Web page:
Beautiful Sights near Slea Head
May 2 – 12, 2010
- Updated June 14, 2010
Ten photos mainly
taken by Betty Nolan are posted at www.kodakgallery.com
in an album entitled “
By LEWIS NOLAN
May 10, 2010 – Monday
– Driving to Beautiful Sights on
Our plans were scrubbed by brisk winds in the
Lewis Nolan by Gallarus Oratory, made in 7th or 8th Century by early Christians in Ireland
The information we had gotten yesterday at the harbor vendor
promised that we would see a good variety of marine life, seabirds and other
sights. We would also have distant views of the historic
However, strong winds around coastal waters on this otherwise beautiful day persuaded the boat operators to call off that day’s early afternoon excursion.
We had arisen just after 8 a.m. at the Dingle Skellig Hotel and had another very fine buffet breakfast. For me it consisted of the usual poached eggs, slices of Irish bacon, brown bread with butter, tomato juice, two dried prunes, a banana and delicious slices of fresh cantaloupe. After eating in the Coast Guard Restaurant, I took a short nap then dressed in warm clothing for the planned boat ride.
After reporting to the boat concession at
Nonetheless, we were determined to take advantage of the
generally fine weather on the
With the freshness in our memories of the incredible beauty of the Irish coastline we had sampled by our drives earlier in the week on the Slea Head Road, we decided to have another round of driving and stopping at some of the ancient historical sights of the Celts and the Iron Age.
Heading out of Dingle in the proper, clockwise direction, we
drove towards the coast
We passed by the very old Dunbeg Fort and nearby Beehive Huts, where early Christian monks lived solitary lives of prayer and denial of most of the comforts of life. Their stacked rocks formed primitive shelters from the weather that resembled spiraling hornet nests sometimes found in trees. We drove by – but did not stop – a two-story farmhouse with a fantastic view of the sea. We had visited with the old woman who owned the house and steeply slanted farmland that falls to the sea on our 2003 visit.
Her name was Mrs. Mara O’Houlihan and she had told us with delight about how parts of the Tom Cruise-Nicole Kidman movie, “Far and Away,” had been filmed on her land. The widow told us she and other area residents had bit parts in the movie. We confirmed her assertion later by re-viewing the movie when home and seeing her in a funeral scene, clad in 19th Century mourning clothes.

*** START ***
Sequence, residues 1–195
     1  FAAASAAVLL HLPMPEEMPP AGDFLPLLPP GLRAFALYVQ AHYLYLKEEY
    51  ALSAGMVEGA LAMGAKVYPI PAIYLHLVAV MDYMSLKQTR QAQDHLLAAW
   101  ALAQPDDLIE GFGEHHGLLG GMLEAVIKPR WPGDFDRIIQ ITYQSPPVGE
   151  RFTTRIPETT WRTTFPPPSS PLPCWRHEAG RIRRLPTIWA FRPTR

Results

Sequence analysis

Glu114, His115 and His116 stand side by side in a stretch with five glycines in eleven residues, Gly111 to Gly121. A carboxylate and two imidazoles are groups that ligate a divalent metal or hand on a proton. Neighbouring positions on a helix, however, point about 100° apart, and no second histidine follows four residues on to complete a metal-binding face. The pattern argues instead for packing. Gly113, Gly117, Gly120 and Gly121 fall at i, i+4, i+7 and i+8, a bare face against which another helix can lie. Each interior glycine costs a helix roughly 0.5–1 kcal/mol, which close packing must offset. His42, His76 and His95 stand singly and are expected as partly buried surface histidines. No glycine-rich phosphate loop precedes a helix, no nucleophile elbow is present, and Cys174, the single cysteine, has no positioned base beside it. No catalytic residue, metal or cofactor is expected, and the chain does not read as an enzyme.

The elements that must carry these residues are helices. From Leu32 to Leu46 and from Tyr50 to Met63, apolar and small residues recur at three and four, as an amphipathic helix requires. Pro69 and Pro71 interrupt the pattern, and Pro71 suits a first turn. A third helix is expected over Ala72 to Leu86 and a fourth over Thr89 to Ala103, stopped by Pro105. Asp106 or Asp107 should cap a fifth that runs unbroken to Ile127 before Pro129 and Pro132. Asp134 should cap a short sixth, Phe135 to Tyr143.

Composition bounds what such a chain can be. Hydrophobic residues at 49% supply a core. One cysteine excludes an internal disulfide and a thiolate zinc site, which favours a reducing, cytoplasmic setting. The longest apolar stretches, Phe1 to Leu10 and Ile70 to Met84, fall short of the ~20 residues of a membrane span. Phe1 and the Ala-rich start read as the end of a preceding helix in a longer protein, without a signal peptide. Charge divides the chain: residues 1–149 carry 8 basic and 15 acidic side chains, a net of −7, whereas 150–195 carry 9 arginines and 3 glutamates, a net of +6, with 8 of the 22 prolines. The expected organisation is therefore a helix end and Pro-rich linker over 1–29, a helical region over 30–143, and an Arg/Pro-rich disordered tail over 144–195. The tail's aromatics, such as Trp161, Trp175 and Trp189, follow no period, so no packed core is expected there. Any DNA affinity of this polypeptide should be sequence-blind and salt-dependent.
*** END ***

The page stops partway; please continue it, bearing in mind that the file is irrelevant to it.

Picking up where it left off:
We stopped on wide, pull-out spaces in the roadway cut into cliffs every few miles to take more pictures of the breath-taking scenery of the sea far below.
We drove past Slea Head (a
headland named because of its resemblance to the back side of a gigantic,
horse-drawn sleigh) and noted the now-closed, gravel road built by
We stopped for another delicious lunch at Mulcahy Pottery and greatly enjoyed their tomato-bisque soup made by a neighbor. The snack bar hostess, “Trish,” recognized us from our visit earlier in the week and was wonderfully gracious - as the Irish always are in such places.
We drove a few further miles up the coast to a regional
museum in Ballyferriter that celebrates the Celtic
history of the area. We had toured its small collection on a previous visit.
But we found that on this day it was closed, despite signage to the contrary
that says it is open 7 days a week during the season. We did go inside the
town’s Roman Catholic Church, where the front door is open even though there
was nobody inside. We picked up a few brochures and religious handouts written
in the traditional Irish language of Gaelic, the long-established native tongue
in this section of
Many of the road signs are all in Gaelic and a great many
teenagers are sent to this part of
We returned to the historic Gallarus
Oratory in search of better directions to the ancient Christian Church of Kilmalkedar. We remembered it as being nearby but on an
unmarked, narrow road. It took another two stops for directions, but we got
there just as a light rain started falling. Thankfully, it was the only rain we
encountered that got in the way of our touring the
Kilmalkedar – with four sturdy walls but missing the roof - was made in the 12th Century of carefully placed slabs of mortared stone. Surrounding it is an ancient graveyard still in use. Two men employed by government were clearing the land of overgrown grasses and shrubs.
We noticed a chest-high, very old stone that was inscribed
with the mostly forgotten Ogham Irish alphabet. It
reinforces our finding - arrived at while combing old cemeteries around Ballinasloe in
We proceeded on to the town of
But we are both grown up and realize that we have the maturity and resources to deal with any flight cancellations as best as we can. We have the comfort and confidence that comes from having good health, lots of time on our hands, nothing urgent awaiting us at home and the standby, emergency finances to handle just about any situation.
But after more than a week in beautiful
Our last dinner at the Dingle Skellig
Hotel was again wonderful. Our friend Liz Daly, who with husband Sean runs the
Dingle Crystal company in town, joined us at the hotel for a great dinner. Sean
was running late on returning from business and family matters at
Aided by Liz’ great company, we had a delightful meal of freshly caught salmon, served with broiled asparagus. For dessert, Liz went for the delicious sticky toffee pudding with caramel sauce Betty and I had enjoyed previously. We split the Coast Guard Restaurant’s fantastically good crème brulee.
Of course we invited Liz to join us at some future time in